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Final exhibit in environment and ecology art series opens – The Elm
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Final exhibit in environment and ecology art series opens – The Elm

Final exhibit in environment and ecology art series opens – The Elm

By Heather Fabritze
Elm Staff Writer

PRY, Kohl Gallery’s latest art exhibition, opened on Tuesday, January 25th with an installation in the Daniel Z. Gibson Center for the Arts as well as a sister installation on the public walking path outside the Semans-Griswold Environmental Hall.

The exhibition will close on March 4th. It was designed by Stephanie Garon, a poet and artist who had Chestertown in mind. The Maryland State Arts Council and Kent Cultural Alliance funded the project. It is a collaboration between Washington Colleges Center for Environment and Society and River and Field Campus and Kohl Gallery.

 PRY is entirely modeled around the invasive plant species Phragmites australis, more often known as common reed, and the danger it poses to the local environment.

According to the informational leaflet, the species has a rhizomatic roots system that makes it difficult for them to be removed or controlled.

The piece features prominently the root system. The pamphlet describes how the root system is prominently displayed in the piece. The severed roots are visible above the ground while the plumes attempt to reach the gallery ceiling. The walls can be shadowed by the plants thanks to the purposely placed lighting.

The exhibit also has a written component, with a poem Garon wrote printed on the wall.

Tara Gladden is the Director and Curator at Kohl Gallery and Lecturer for Studio Art. She believes that all of these elements together make the exhibit very enveloping.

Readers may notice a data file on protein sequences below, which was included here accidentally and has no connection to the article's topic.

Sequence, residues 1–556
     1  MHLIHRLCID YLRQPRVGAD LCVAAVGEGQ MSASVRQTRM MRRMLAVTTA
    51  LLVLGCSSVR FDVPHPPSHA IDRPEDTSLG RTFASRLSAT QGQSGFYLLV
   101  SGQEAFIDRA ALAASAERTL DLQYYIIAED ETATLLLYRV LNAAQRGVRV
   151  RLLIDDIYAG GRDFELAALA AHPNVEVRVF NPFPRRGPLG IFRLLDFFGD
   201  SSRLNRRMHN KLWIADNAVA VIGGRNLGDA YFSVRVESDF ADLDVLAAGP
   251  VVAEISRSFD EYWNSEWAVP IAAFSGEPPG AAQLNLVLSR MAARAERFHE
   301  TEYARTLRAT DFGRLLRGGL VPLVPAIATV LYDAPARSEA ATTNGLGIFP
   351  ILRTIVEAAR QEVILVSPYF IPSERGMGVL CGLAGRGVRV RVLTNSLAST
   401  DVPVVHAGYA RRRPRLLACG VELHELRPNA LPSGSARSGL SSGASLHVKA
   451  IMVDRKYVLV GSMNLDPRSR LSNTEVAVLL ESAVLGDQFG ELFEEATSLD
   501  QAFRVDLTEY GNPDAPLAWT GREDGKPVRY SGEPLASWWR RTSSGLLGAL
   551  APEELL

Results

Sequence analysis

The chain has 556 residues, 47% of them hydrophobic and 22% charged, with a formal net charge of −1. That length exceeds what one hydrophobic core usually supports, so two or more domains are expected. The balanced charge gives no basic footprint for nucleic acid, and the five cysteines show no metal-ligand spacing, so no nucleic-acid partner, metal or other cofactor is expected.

Gladden explained that this is an immersive, site-specific installation. Gladden said that there is an element of immersion when you walk into a space. The environment plays a video, the environment includes the plant species and the arrangement of the plants…So, youre being engaged on a visual level, on a sonic level, on a visceral level, on a more poetic level. You are being engaged at many different levels of perception.

The exhibit’s video section features clips from Garons field work. Garon pulled the plants from the Chester riverbank and created the piece.

According to the pamphlet this was a significant process for Garons as it serves as a powerful reminder of how the environmental crisis is disproportionately borne by women around the world. Many of Garons’ other works also address the issue of women’s involvement in the environment crisis.

There was also a large community element to this project. The Kohl Gallery hosted workshops in Chestertown over the past year, which allowed students from Chestertown to take part in the removal.

The Kohl Gallery exhibit is echoed by the sister installation at Semans-Griswold. The public structure is made out of steel and is integrated with the reeds that surround it.

Gladden believes that the steel reeds’ natural movement conveys similar themes and messages.

Gladden said that they sway with wind and look very natural. Yet, Gladden added them to the land. It’s interesting to consider removing and adding.

According to the pamphlet the reeds were intended to remind humanity of its hubris and nature’s fragile intractability.

Gladden hopes visitors take away one lesson from PRY: the idea that you must be mindful of your actions.

Gladden stated that there is a greater awareness of how we impact the environment and our human relationship to the environment. Also, a greater appreciation for the ways art can address topics such ecology, the environment, permanence and impermanence in an inter-disciplinary manner. The power of art to explore many topics and the breadth that art offers to explore these topics in unique ways that are individual to each person.

You can view the exhibit by visiting the Kohl Gallery’s visiting hours on the WC Website. Garon will host an artist talk and gallery viewing on February 10th at 6 pm in Tawes Theatre, Daniel Z. Gibson Center for the Arts. Her website,, has more information about her work.

Kayla Thornton photo

Featured photo caption: The PRY exhibit was opened by Kohl Gallery on January 25th at two locations on the Washington College campus. The Daniel Z. Gibson Center for the Arts houses part of the installation, while the other is located outside the Semans-Griswold Environmental Hall. The exhibit is centered on Phragmites australis, an invasive species of plants.

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